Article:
Dr. Karen Heinis a member of the Christian Children's Fund Board of Directors and is also a pediatrician.She volunteered to go to India to help CCF in tsunami-affected areas. This is Dr. Hein's travel diary - reflecting on the images of devastation, recovery and beauty in the midst of unimaginable loss.
Feb 4: Child-centered spaces emerging from the rubble.
We've spent the past four days in Child Centered Spaces (CCS) set up by CCF in Chennai (Madras) villages severely affected by the tsunami. Ralph and I are adding health assessment components to the incredibly effective support programs in these spaces. The situations range from people still living in rubble on the sites of their destroyed villages to new temporary quarters (tents or palm/thatch dwellings) constructed farther back from the sea.
The CCS is either a tent or area where children gather for various programs. In the morning, they receive supplemental food (hard-boiled eggs, bananas, chick peas), then there are various times for playing games with toys supplied by CCF (jump ropes, rubber rings, soccer balls, Indian board games) or if no formal schooling is possible, educational sessions for kids of various ages.
There are special sessions for very young (0-5 yrs) or older kids (5-10 yrs) or adolescents (10-18 yrs) to help them sort through their experiences and resume some semblance of normalcy. For example, yesterday we joined a circle of young kids on the beach near the water. The CCF staff had a series of games and exercises to help them deal with their fear of being near the sea.
The older kids had been working on a little dramatic performance in which they acted out various aspects of the tsunami including being trees knocked over and people dying on the beach. The drama continued, showing scenes of children returning to school and a contest in which kids were able to write about and share their abilities to cope and rebuild their lives and community. The drama ended by their receiving a prize from their district leaders and having a celebration in which they all got up and danced. It was so incredible to see their energy funneled in these ways and to see how connected they were to each other ... older to younger ... and adults to kids---despite the despair and loss, the sense of togetherness and mutual help is palpable.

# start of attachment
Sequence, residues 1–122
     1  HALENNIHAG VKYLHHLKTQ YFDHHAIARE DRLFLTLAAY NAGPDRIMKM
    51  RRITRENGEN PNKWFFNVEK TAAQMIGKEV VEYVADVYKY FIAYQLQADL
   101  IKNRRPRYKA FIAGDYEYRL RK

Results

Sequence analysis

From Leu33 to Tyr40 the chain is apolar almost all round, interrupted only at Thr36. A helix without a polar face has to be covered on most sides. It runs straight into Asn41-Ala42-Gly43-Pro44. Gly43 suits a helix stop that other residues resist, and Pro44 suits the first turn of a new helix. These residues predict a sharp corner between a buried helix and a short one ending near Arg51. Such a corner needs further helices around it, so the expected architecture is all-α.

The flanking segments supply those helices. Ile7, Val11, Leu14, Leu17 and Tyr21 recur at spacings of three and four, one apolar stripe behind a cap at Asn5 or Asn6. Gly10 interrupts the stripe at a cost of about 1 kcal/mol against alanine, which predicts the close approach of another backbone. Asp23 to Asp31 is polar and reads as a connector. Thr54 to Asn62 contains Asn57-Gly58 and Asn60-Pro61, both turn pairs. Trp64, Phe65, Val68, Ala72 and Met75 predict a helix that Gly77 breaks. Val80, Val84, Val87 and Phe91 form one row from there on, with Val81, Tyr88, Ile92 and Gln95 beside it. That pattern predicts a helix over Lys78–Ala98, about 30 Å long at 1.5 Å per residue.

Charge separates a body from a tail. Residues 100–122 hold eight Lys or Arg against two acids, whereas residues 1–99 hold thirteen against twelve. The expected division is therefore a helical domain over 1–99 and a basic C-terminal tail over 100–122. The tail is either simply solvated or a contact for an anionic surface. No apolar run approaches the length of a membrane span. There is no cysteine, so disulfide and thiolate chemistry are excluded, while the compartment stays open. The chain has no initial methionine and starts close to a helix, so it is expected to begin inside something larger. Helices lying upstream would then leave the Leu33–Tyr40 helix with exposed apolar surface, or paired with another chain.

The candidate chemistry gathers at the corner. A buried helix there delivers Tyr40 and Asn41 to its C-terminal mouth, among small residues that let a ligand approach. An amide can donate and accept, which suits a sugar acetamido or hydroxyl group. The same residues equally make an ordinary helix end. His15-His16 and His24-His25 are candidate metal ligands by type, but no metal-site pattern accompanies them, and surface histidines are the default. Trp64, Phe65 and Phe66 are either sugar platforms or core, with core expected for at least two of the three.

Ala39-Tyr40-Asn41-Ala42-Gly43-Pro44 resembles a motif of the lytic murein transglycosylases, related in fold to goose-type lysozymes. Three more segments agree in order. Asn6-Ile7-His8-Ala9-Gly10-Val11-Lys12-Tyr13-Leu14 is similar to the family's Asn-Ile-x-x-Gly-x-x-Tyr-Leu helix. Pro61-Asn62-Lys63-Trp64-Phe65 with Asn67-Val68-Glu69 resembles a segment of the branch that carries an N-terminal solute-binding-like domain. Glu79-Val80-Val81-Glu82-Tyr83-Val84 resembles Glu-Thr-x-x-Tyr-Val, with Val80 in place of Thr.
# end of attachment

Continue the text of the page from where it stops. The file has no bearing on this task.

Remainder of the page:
We were welcomed into the scene and soon I was dancing and part of the circle. Later, I distributed the food supplement to 150 kids---they all lined up, sat quietly, then with the help of CCF workers, each washed their little hands and came with a plate for their 2 tablespoons of chickpeas and a hard boiled egg (dished out by Ralph). I focused on each little face, feeling more that I now know what we are doing here.
Our official "job" is to help craft age-specific health assessments to be incorporated into the training of workers in these Child Centered Spaces. CCF has a terrific manual and training sessions based on their other emergency relief work in conflict zones or previous natural disasters, but now adapted specifically to India relating to the particulars of this post-tsunami situation here. CCF has geared up by expanding its staff to include Indian volunteers, either community leaders, young people or folks from other Indian aid groups who have suspended their lives and careers to help out temporarily.
These are some of the most effective, selfless, dedicated folks I've ever met. The head of the CCF South India zone and some others are sleeping in the office so that they can keep the cost down and be available 24 hours a day.
In some villages, energy is shifting towards repairing boats and planning more permanent communities but progress is a variable thing. In one destroyed village, as I wandered through the rubble, I saw pages of school books sticking out of downed palm trees, and looked up at a 50-foot water tower where a boat was found suspended from the top!
In the midst of this scene of utter devastation was one young man living in the shell of his old house. He had laundry hanging from a line and was sweeping the area in front of his missing door. He was silent as was I. The rest of the village had moved to new temporary tent dwellings, but he remained, rooted to some inner memory of a life or family that existed just 5 weeks ago.
We spent yesterday at Pullicut Island, a very remote community of 1,000 families located on an island (a sand bar really) off the coast north of Chennai. The lake that separated the island from the mainland used to be fresh water and filled with fish and good drinking and irrigation water. The tsunami made it all brackish, so now the island, surrounded by water on all sides, has no fresh water at all. There was no health facility or services before the tsunami and few health workers are willing to travel such a distance to supply any, so CCF is thinking of ways to both assess and provide health care along with the child-centered spaces.
CCF heard today that they got a grant to help the women develop new income-generating skills so that they are not solely relying on the fishermen, since it will be weeks, months or possibly longer before they can resume fishing. People are afraid to eat the fish since the tsunami [because they fear the fish have fed on human flesh], and some areas have disturbed ecology so it might not even be possible.
Our Tamil colleague, Babu, is a saint. On the way back to the city last night we stopped at a drug rehabilitation residential treatment center he founded, and met with 17 young men who are living there and learning new trades while they are in a drug-free supportive environment.
It was a reminder that as we focus on the unfolding post-tsunami drama in one tiny bit of a continent, India goes on ... a billion people are getting on with their lives. And for now, Ralph and I are just dots along with the others, doing what we can each day.
Next Entry: Feb. 22 »